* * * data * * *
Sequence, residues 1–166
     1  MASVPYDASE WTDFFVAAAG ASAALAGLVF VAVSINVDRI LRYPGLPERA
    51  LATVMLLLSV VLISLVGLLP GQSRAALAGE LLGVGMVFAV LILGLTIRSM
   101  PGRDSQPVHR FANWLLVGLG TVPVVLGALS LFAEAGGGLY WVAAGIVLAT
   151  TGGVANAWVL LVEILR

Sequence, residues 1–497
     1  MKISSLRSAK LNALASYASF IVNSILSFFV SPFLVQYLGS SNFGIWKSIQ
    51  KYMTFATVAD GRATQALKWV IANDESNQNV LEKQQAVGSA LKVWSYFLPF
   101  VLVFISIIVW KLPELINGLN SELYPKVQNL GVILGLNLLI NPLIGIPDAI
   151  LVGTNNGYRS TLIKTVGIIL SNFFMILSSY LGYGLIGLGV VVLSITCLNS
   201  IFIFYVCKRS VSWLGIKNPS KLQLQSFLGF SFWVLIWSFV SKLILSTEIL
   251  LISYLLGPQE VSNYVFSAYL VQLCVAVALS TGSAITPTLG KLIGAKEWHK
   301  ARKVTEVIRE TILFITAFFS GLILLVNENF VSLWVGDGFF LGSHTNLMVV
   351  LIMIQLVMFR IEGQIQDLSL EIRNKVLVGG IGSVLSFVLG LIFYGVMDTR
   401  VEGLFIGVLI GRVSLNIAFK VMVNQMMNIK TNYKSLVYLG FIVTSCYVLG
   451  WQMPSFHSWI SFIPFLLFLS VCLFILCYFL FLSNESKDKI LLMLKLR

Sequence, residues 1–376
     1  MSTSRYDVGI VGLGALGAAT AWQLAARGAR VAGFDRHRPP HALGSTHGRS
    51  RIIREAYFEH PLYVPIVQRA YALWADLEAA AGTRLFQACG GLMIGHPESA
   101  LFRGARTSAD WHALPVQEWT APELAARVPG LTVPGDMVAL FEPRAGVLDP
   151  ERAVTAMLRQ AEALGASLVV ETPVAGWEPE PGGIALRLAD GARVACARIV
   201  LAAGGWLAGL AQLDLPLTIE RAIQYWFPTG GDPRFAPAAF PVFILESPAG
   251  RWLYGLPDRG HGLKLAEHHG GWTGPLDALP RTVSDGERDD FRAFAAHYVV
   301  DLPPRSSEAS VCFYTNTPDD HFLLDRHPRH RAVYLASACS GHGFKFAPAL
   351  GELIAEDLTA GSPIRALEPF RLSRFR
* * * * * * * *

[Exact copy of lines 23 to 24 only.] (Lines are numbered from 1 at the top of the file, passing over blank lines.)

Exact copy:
   251  RWLYGLPDRG HGLKLAEHHG GWTGPLDALP RTVSDGERDD FRAFAAHYVV
   301  DLPPRSSEAS VCFYTNTPDD HFLLDRHPRH RAVYLASACS GHGFKFAPAL